The line snaked around in front of us, chasing its tail slowly. It was like the queue for Disney ride but the reward for making it through was confusion about where to go next. We assured the kids it would move quickly but we were lying. It was slow. Slower than slow. It was as if the people controlling line speed timed our kids rolling their suitcases through the airport and that’s how they decided how fast the line should move.
While we stood there, shuffling forward a few steps every few minutes, our two-year-old was crawling. Literally crawling. All over the filthy floor of London Heathrow Airport’s border control waiting area, which was no doubt coated with germs from all six inhabited continents and probably Antarctica as well. You wonder how parents allow this sort of thing to happen and then you find out. Crushing apathy caused by sixteen hours of overnight travel. To make things even better, our daughter stopped crawling periodically so she could lift her shirt and press her belly against the cool, very hygienic tile floor. Brilliant! Our dogs sometimes do that in summer, except they don’t wear shirts. And presumably our floors are somewhat cleaner.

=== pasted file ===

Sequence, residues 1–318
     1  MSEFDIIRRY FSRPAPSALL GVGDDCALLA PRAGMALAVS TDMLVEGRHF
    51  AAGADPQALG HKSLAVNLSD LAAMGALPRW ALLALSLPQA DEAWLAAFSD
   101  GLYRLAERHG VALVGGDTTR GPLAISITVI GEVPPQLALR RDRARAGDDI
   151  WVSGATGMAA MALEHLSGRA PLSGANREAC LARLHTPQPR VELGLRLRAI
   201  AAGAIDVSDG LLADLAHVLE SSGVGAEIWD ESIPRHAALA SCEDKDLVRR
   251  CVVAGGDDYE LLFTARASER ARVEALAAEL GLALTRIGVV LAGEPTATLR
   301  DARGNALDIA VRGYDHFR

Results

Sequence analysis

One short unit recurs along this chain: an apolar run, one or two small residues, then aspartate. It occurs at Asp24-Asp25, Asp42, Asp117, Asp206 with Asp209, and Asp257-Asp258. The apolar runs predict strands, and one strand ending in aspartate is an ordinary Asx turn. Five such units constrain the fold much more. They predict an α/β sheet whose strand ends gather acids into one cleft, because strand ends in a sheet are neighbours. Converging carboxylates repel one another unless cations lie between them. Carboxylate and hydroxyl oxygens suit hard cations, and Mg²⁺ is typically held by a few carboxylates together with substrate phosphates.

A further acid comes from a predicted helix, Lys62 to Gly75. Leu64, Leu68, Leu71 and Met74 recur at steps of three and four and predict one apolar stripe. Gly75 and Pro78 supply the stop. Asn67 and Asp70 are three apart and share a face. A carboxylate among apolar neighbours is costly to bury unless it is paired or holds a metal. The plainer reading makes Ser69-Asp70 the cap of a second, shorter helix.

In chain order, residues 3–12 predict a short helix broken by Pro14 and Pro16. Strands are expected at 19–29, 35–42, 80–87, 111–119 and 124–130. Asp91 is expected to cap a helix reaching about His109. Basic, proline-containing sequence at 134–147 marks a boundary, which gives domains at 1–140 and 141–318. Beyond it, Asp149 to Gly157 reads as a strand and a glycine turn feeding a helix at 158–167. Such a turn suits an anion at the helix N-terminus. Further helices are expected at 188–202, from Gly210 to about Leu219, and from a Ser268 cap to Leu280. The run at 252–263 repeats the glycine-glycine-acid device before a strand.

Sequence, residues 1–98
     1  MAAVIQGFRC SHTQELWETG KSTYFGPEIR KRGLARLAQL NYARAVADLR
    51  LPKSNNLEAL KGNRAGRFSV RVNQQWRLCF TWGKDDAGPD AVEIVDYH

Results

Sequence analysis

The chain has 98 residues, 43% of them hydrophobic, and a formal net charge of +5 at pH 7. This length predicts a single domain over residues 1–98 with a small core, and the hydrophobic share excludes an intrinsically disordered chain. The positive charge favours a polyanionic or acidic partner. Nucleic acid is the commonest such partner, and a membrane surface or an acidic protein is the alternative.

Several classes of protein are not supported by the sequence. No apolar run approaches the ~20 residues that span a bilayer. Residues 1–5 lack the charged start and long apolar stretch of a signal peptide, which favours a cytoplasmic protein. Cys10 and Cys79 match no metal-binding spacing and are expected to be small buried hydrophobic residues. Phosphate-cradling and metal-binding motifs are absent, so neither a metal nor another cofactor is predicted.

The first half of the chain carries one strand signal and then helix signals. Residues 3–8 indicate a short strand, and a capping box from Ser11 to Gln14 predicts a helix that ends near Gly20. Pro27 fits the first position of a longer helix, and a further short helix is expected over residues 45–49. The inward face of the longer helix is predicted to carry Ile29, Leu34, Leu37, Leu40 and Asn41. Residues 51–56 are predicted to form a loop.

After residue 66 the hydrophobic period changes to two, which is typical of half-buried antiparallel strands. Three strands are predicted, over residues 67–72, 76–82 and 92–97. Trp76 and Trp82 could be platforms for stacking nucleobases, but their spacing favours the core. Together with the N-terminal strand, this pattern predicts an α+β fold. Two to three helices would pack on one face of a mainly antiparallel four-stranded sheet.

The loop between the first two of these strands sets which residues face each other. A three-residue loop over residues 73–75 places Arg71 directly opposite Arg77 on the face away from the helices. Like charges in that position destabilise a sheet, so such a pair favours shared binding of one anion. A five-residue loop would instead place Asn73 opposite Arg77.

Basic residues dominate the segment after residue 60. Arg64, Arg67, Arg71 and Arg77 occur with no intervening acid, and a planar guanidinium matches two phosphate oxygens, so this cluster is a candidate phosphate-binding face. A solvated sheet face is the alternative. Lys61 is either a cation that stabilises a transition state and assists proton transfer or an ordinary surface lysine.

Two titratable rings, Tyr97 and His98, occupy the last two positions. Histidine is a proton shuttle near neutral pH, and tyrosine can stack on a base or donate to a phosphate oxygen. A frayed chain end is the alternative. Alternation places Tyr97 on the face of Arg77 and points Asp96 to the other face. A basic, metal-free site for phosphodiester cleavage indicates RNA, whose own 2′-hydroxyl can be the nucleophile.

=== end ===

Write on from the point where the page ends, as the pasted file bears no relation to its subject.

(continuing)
We were angry, irritated, and exhausted. With good reason, but I couldn’t help but think how odd it was that this was all something we chose to do voluntarily. As fun. We spent money and my wife took vacation from work so we could not sleep for an entire day and eat nothing but packaged cookies. The idea of staying home and watching Paw Patrol suddenly seemed very appealing.
Just before joining this never-ending line, we had flown from Orlando to Iceland and Iceland to London. We departed around seven p.m. Eastern time and arrived in England the next morning at what was around seven a.m. by our body clocks (eleven a.m. local time). We survived frigid temperatures and an icy tarmac during our brief Iceland stopover, which required exiting and entering the plane via stairs and riding a bus to and from the terminal. It was pitch black, cold, and we were completely underdressed for this unexpected outing, but hey, the kids saw snow for the first time! Then, prior to landing at Heathrow, we circled the airport six times. Five times was okay, but the sixth was just too much. Our four-year-old who was seated beside me suddenly shouted “Water!” then coughed. I scrambled first for his water bottle before deciding to grab the barf bag instead. He held his hands to his mouth to catch the mucous slipping out. I got the barf bag open in time to catch the last of it. Then to my left, I heard more retching as our seven-year-old vomited into his bag. His appearance immediately shifted from normal to ghost with raccoon eyes.